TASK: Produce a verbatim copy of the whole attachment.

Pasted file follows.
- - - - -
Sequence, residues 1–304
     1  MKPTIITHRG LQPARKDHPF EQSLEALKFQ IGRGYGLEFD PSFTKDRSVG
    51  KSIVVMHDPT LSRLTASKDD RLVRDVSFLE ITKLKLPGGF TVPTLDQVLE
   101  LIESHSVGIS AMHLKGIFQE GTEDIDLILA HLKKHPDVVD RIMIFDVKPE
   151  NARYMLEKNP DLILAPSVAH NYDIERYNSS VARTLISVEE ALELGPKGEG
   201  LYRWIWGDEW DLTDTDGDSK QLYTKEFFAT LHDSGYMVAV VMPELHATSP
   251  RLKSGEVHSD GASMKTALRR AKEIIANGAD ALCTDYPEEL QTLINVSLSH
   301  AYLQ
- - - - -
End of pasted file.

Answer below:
Sequence, residues 1–304
     1  MKPTIITHRG LQPARKDHPF EQSLEALKFQ IGRGYGLEFD PSFTKDRSVG
    51  KSIVVMHDPT LSRLTASKDD RLVRDVSFLE ITKLKLPGGF TVPTLDQVLE
   101  LIESHSVGIS AMHLKGIFQE GTEDIDLILA HLKKHPDVVD RIMIFDVKPE
   151  NARYMLEKNP DLILAPSVAH NYDIERYNSS VARTLISVEE ALELGPKGEG
   201  LYRWIWGDEW DLTDTDGDSK QLYTKEFFAT LHDSGYMVAV VMPELHATSP
   251  RLKSGEVHSD GASMKTALRR AKEIIANGAD ALCTDYPEEL QTLINVSLSH
   301  AYLQ